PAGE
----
The Air India sale process is not going too well, by all indications. Yesterday (May 1, 2018), the government extended the deadline for submitting the expression of interest (EOI) for Air India, while easing a few conditions, and also clarifying a number of questions raised. However, the basic terms of the sale offer has not changed - the government wants the bidder (a single company or consortium) to pick up 76 per cent of the stake in Air India, including 100 per cent of Air India Express, and 50 per cent of AISATS, the ground handling subsidiary of AI. The buyer will still need to take on about Rs 33,392 crore of debt, and retain the staff of the airline for a year, after which it can design a suitable VRS for excess staff.
At least two prominent Indian carriers - Indigo and Jet Airways - have already backed off and said they will not be interested in taking over Air India, at least under the current terms and conditions.
Meanwhile, the government is facing resistance to the sale both from within and as well as from the opposition parties. There aren't too many issues in which the RSS, the TMC and some prominent INC leaders find themselves arguing on the same side, but this seems to be one. As Business Today magazine has reported, Swadeshi Jagran Manch, an affiliate of the RSS, has already expressed its displeasure with the AI sale, and said the airline should remain in Indian hands, and no foreign party should be allowed to take control. TMC lawmakers have opposed the sale in any form, and have demonstrated against it in front of the Parliament. The CPI-M and several Congress leaders have also made disapproving noises about the government selling of the national airline.
It is obvious the government will have to bite the political bullet if it wants to sell Air India. But the bigger hurdle in the sale process is not political - it stems from a lack of clarity in setting the objectives it wishes to achieve through the sale.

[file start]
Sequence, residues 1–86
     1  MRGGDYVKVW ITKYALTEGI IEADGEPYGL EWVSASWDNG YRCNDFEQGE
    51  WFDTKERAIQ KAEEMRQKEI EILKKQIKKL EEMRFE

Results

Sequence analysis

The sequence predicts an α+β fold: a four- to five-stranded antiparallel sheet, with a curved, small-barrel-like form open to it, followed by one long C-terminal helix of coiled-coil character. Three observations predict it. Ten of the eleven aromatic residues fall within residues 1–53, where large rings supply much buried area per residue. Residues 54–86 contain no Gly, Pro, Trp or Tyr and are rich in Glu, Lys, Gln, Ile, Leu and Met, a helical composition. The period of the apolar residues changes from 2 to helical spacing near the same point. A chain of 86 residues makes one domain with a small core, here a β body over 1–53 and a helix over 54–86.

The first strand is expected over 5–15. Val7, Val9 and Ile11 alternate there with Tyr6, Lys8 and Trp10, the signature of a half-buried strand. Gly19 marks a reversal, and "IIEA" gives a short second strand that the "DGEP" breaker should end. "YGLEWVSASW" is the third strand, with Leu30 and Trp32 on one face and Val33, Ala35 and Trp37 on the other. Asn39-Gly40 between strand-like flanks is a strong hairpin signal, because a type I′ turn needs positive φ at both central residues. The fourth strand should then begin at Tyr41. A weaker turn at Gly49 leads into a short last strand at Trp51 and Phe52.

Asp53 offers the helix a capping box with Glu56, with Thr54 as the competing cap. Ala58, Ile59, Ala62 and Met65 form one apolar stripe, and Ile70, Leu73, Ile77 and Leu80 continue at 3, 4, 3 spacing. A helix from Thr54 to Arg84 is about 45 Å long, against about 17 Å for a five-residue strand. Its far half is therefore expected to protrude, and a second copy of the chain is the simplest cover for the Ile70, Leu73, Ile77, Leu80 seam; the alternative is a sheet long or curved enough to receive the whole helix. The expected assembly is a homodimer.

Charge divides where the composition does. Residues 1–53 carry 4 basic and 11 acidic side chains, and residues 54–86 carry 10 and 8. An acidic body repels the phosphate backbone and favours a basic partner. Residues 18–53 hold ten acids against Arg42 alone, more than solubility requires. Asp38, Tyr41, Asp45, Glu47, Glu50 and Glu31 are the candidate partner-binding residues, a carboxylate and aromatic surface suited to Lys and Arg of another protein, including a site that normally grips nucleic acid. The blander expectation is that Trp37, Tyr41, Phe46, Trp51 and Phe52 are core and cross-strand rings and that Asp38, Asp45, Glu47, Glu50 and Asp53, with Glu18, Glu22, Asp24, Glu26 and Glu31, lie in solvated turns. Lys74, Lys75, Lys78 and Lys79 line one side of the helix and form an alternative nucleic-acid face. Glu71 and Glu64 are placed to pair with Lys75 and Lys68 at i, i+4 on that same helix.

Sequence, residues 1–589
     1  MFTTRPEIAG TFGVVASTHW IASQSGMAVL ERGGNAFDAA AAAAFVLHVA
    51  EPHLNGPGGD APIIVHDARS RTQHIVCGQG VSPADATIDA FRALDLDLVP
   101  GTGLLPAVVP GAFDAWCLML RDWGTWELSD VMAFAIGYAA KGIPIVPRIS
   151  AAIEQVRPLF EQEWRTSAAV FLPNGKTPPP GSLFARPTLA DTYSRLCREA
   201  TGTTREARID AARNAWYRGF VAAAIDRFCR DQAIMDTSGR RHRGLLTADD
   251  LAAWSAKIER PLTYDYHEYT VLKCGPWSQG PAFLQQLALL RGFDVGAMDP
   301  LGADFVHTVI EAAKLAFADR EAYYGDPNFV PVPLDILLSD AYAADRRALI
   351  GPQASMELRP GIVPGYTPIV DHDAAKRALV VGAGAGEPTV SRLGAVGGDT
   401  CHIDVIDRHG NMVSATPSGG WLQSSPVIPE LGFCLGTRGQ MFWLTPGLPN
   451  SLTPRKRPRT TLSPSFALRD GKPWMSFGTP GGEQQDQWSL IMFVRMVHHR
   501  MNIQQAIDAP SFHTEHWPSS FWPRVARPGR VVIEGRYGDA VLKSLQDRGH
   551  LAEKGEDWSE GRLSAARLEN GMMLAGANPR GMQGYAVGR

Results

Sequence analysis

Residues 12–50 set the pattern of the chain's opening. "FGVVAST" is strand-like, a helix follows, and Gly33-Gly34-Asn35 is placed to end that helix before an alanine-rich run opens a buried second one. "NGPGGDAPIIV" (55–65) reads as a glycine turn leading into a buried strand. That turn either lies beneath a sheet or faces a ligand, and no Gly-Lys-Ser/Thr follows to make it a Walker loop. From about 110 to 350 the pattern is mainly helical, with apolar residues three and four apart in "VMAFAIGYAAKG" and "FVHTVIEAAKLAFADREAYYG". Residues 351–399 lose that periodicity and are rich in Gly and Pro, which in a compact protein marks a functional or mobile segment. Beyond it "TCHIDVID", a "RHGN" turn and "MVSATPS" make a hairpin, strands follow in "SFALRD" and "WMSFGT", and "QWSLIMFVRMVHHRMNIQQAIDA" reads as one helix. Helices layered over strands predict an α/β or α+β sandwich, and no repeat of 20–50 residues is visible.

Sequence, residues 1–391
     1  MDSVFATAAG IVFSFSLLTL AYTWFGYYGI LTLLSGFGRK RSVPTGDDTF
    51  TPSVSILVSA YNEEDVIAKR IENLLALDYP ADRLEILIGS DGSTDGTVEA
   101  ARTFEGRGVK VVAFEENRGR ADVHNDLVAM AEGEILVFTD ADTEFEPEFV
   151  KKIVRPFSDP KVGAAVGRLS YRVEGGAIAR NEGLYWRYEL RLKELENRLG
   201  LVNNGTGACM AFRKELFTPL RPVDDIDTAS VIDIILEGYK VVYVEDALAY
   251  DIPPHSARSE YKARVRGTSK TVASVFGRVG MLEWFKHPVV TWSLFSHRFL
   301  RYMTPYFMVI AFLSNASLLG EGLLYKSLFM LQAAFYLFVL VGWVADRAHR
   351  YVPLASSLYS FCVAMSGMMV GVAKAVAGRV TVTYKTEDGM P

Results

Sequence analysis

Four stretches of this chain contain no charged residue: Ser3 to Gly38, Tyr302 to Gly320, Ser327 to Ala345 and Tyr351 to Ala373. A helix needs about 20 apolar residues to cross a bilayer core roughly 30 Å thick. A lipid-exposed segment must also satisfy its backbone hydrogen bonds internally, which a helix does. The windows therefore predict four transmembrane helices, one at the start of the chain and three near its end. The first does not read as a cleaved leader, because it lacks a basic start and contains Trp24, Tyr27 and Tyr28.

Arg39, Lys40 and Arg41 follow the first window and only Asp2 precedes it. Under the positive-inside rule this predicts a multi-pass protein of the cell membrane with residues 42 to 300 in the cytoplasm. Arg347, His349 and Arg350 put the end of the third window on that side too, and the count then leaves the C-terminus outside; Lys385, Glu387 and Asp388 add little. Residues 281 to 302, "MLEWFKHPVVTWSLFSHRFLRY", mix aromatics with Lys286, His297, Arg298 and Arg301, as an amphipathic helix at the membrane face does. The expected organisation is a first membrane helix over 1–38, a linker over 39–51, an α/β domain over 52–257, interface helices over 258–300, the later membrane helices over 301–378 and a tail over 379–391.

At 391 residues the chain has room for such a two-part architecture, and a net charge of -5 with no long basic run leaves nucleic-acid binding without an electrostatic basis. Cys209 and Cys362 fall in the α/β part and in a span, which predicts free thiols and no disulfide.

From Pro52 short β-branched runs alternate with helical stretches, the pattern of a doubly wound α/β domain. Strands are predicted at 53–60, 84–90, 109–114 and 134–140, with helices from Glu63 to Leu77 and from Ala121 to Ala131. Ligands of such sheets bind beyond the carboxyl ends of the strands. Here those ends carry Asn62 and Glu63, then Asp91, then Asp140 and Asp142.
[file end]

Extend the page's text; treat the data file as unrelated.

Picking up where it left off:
If the main reason for selling Air India is to stop the amount of tax payer money that is spent on the loss making and stupendously overleveraged and inefficient carrier, it requires one set of thinking. The objective, on the other hand, is to just hand over management control, while staying a minority shareholder which will reap the benefits when Air India is turned around and listed, it will require a different approach. But in neither of those approaches does the current method and terms and conditions of sale make any sense.
If the government simply wants to stop financing a loss making Air India year after year, it should take on the accumulated debt, break up the different operations (international, main domestic, Air India Express, the maintenance subsidiary) and try for bidders for each one of them. It can use the money it gets from the sale proceeds to repay some of the accumulated debt.
If its main purpose is to change management control, while still enjoying the residual benefits of minority ownership and capital gain when it is finally listed by the new management, it will still need to make Air India attractive for the buyer by allowing buyers to bid for only the portions they would want.
Even then, it might need to break up Air India into three separate offerings - the airlines (domestic and international), the maintenance operations, and Air India Express and sell them to different bidders with a clear condition on how quickly it expects them to list each portion. Either way, it should not put in terms and conditions like guaranteeing a job for all employees for at least a year while offering it for sale.
The airline business is cut throat, and it requires lean staff which is motivated. Air India suffers from an excess of staff who are also overpaid, union troubles and a big pension bill. For any buyers, these would be problems to deal with, even without other hurdles. But by trying to meet multiple goals simultaneously, the government runs the risk of scaring off potential buyers.